On June 4, as thousands filled the National Mall, Robert Kennedy, the candidate most aligned with the civil rights movement, won the California Democratic Party primary. Later that night he was shot and killed. Twenty days later, over a thousand police officers came to the National Mall to evict Resurrection City, arresting hundreds of people. Six months later, the far-right forces behind Nixon, who denounced his campaign against “rioters” and promised more policing and protecting school segregation, would come to power after the November election.
Four decades later, labor and civil rights organizations across the country united to elect the country’s first black president, Barack Obama. What followed was both the racist Tea Party backlash that crippled Congress in 2010 and brought Trump to power six years later.
But a broad labor and left-wing struggle has also emerged to advance a democratic agenda – from Occupy Wall Street in 2011 and #Fightfor15 and a Union to Black Lives Matter, the Women’s March of 2017 and more recent fights for advocate for abortion rights. Struggles for LGBTQ equality have intensified, particularly in defense of trans people, and a growing new activism in the labor movement, increasingly led by young workers, is pushing labor campaigns forward across the country. The small-d democratic and socialist electoral struggles that supported Bernie Sanders, AOC, and Stacey Abrams are also part of this mass democratic movement.
This is the context of today’s Poor People’s Campaign.
Its leaders come naturally through their activism. Barber was born two days after the 1963 March on Washington for Jobs and Freedom. His parents moved to North Carolina when he was in kindergarten to join the school desegregation movement, and he’s been a fighter ever since. The church he leads, Greenleaf Christian Church Disciples of Christ, is a “123-year-old congregation founded by former slaves”.
“If you follow the James River from this town to the sea, you will find the place where my African American ancestors first set foot on these banks,” Barber told walkers from Richmond, Virginia. , in 2016 for the Fight for $15 convention. . They were in “the capital of the old Confederacy,” he reminded the crowd.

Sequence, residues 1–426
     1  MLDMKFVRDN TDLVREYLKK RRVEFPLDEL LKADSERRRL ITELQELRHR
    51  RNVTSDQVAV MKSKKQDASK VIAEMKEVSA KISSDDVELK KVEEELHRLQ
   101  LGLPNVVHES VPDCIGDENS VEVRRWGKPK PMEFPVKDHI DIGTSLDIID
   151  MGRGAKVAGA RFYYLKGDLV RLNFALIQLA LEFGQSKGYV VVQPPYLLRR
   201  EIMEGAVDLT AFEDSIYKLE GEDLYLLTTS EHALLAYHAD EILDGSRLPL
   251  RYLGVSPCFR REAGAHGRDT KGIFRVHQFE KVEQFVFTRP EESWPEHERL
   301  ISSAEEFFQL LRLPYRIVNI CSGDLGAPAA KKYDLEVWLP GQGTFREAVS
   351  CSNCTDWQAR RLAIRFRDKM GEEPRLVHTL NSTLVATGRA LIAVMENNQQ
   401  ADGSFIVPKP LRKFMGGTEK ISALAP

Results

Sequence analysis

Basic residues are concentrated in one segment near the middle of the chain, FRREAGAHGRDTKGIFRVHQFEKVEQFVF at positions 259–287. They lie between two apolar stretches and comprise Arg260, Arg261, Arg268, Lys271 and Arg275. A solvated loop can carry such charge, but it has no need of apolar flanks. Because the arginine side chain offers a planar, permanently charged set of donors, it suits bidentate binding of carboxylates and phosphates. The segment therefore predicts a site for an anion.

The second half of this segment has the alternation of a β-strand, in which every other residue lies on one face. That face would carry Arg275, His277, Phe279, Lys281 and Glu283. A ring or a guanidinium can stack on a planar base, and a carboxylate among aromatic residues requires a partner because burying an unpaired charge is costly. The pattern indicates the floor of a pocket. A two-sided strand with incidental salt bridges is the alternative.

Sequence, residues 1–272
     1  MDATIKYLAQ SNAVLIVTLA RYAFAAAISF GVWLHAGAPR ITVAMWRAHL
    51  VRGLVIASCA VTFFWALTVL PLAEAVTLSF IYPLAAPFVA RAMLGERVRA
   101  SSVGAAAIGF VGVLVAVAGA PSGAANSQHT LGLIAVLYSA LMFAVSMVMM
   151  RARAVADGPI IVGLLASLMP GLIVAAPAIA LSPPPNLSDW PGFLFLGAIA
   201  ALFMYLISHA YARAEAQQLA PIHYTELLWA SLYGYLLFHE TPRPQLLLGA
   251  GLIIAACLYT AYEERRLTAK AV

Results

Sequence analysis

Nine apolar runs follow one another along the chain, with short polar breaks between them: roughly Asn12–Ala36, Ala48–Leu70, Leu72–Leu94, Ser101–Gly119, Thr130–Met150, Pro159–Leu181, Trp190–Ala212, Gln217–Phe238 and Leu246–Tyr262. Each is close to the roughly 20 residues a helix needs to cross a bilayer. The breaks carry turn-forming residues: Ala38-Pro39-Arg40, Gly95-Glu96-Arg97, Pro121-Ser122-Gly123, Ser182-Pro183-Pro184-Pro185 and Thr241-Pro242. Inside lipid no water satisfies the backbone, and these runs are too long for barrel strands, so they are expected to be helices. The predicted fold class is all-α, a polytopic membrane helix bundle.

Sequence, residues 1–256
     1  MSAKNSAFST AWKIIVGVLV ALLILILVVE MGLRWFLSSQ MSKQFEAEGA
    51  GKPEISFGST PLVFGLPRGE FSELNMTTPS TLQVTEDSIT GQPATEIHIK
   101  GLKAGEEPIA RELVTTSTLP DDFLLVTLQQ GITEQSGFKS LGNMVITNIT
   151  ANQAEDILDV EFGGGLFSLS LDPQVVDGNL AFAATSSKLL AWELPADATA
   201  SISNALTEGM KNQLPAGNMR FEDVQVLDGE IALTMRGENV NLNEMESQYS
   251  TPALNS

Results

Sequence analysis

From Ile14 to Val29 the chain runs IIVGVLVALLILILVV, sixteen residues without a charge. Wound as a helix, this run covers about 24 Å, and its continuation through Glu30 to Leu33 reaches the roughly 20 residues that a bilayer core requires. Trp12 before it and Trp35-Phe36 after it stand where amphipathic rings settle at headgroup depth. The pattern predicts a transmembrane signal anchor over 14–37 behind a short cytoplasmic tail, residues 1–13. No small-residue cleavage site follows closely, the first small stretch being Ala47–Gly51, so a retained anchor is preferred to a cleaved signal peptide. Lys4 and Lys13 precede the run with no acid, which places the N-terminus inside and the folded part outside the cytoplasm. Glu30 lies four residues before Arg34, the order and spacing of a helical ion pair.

Behind him stood a statue of the Robert E. Lee statue, since removed and chopped into pieces after the massive Black Lives Matter protests of 2021. “My African American ancestors were brought here to work the land, to build this nation , but they didn’t pay anything for their work.”
He spoke of the reversal of the democratic gains of black reconstruction after the Civil War: “When African Americans first served in Southern legislatures, they built a movement with poor white people. … They rewrote the constitutions of all the Southern states,” and “banned unpaid labor, demanded equal protection under the law… That wasn’t the 1960s, it was the 1860s! Barber noted that they wrote into these constitutions the right “to the enjoyment of the fruit of your labor”.
“They knew that work without decent pay was nothing but a pseudo form of slavery.”
Theoharis began his activism in college to fight homelessness in Philadelphia after moving there from his hometown of Milwaukee. As a student, she became involved with a group called Empty the Shelters, a local affiliate of the National Union of the Homeless. After leading the creation of the Kairos Center for Religions, Rights and Social Justice, with Barber, she became co-chair of the Poor People’s Campaign in 2017.
“We cannot go back to normal,” Theoharis wrote in a statement to President Trump and Congress at the start of the COVID-19 emergency. “Now is not the time for run-off solutions. We know that when you lift from the bottom, everyone lifts. There are concrete solutions to this immediate crisis and to the longer-term diseases that we have been battling for months, years and decades before,” she said.
“We will continue to organize and build our power until you respond to these demands. Many millions of us have suffered for far too long. We will no longer be silent. »
The massive mobilization in Washington, DC, on June 18 will be proof of this refusal to remain silent.
Join CPUSA’s “500-Strong” delegation to DC on June 18th. Register here.